Red pen on paperImage from Flickr by pheaber

Last week’s post on The Four Essential Stages of Writing got some great comments, including this one from Ainslie:

I must admit that I am beginning to enjoy the redrafting and editing phase of my work a whole lot more since working with you as my Writing Coach, I now spend time looking at specific words and phrases and really making sure if they fit with the message I am conveying.

I am really enjoying the process but worry that the constant redrafting may be holding me back as well.

This brings up a great question: how much redrafting and editing is too much?


It’s a tricky balance, and it depends on what you’re writing and what you’re aiming for:

  • Non-fiction doesn’t require so much work as fiction.
  • A piece for your own blog – fairly ephemeral, provided to readers for free – doesn’t require so much redrafting and editing as an ebook which you want to sell.
  • A book that’s going to be printed, rather than published in digital form, is going to be tricky to correct – so you’ll want to get it as right as you can, the first time round.
  • A piece of work which is going to be assessed in some way – for a postgraduate degree, or by agents and publishers – needs thoughtful redrafting and careful editing.

At the moment, I’m working on the fourth draft of my novel. When I read through the whole of draft three, I realised that there were still some areas which need work.

Am I being a perfectionist?

No, I don’t think so. When I send this book to agents, I want it to be as good as I can make it. If I’m honest with myself, it’s not quite there yet.

If extensive redrafting is need, it’s usually pretty obvious. There’ll be confused or repetitive sections in your ebook, or chapters where your novel sags. Your blog post will be missing an introduction or conclusion.

Sure, you can get bogged down in shifting chapters around – trying them one way, then going back to how they originally were – but, generally, you’ll find it easy to move on from redrafting.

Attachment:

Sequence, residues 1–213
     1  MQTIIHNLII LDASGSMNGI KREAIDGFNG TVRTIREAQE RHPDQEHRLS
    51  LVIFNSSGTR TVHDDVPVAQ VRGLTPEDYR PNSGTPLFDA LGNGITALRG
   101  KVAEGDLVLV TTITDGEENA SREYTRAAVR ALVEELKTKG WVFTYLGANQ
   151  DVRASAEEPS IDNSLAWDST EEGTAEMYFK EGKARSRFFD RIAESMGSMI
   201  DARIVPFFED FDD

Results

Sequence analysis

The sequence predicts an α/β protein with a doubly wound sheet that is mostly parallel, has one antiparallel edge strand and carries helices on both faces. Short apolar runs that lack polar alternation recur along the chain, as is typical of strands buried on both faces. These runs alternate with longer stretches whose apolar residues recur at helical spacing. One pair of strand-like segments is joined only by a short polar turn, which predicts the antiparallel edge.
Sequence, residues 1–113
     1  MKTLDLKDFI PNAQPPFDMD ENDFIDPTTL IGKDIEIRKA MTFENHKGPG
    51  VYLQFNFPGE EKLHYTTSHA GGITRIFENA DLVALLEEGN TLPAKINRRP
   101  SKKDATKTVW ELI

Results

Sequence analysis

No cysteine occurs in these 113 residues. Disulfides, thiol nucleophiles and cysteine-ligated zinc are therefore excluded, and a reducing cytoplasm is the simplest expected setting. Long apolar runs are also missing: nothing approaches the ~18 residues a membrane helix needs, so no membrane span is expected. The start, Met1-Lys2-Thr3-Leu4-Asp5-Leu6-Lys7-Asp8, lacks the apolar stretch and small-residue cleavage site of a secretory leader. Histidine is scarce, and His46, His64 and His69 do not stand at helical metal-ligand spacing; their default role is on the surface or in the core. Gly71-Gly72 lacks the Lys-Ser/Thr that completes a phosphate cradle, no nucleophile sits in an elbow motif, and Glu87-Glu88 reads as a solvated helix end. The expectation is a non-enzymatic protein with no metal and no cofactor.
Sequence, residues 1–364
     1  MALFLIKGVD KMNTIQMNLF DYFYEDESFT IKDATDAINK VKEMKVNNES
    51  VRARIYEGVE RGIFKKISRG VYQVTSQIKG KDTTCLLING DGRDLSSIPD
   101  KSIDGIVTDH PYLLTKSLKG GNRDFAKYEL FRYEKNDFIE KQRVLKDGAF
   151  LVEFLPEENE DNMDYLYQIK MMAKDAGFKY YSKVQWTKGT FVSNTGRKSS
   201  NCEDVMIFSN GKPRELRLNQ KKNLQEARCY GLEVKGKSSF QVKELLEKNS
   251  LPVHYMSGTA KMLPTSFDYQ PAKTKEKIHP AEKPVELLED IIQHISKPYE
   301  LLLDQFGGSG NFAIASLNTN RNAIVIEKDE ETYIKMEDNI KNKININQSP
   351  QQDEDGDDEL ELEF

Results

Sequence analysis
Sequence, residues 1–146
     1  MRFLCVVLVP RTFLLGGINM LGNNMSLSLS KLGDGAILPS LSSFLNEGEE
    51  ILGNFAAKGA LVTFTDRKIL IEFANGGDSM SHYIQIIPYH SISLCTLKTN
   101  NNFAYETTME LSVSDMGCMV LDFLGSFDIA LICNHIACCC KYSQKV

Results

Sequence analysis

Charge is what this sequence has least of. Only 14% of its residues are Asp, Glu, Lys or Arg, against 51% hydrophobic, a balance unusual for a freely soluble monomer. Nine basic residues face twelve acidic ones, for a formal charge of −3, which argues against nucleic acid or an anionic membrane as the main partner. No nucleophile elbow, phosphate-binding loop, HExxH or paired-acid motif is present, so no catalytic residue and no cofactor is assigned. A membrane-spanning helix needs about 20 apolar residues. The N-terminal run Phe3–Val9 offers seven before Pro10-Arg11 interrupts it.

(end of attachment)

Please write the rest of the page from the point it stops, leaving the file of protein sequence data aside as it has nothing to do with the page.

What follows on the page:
It’s editing where writers get stuck. We want every word and phrase and sentence to be just right – and that’s not a bad thing to want.

Editing starts to harm your writing, though, when:

  • You spend all your time tweaking words, rather than writing something new.
  • You start changing things which originally seemed fine, because you’re beginning to doubt them.
  • You edit out the voice and energy of your work – it’s possible to over polish.
  • You know that there’s something wrong, but you can’t work out how to fix it – and you’re stuck for ages on one paragraph.

At some point, you need to let go. During the editing stage, you might want to ask a fellow writer to look through your work – a second pair of eyes can spot mistakes that you miss, and a second opinion might reassure you that your piece is finished.

It also helps to have a deadline in mind: decide on the launch date for your ebook, or fix a date to start emailing agents, or commit to a regular schedule with your blog posts. That way, you’ll be focused on finishing, not on perfection.

Good luck!

I’m now offering writing coaching by email as well as by phone. If you need a hand with your editing but hate talking on the phone, or can’t find a whole free hour, then check out the email coaching on my coaching page (scroll down to just under the red pen).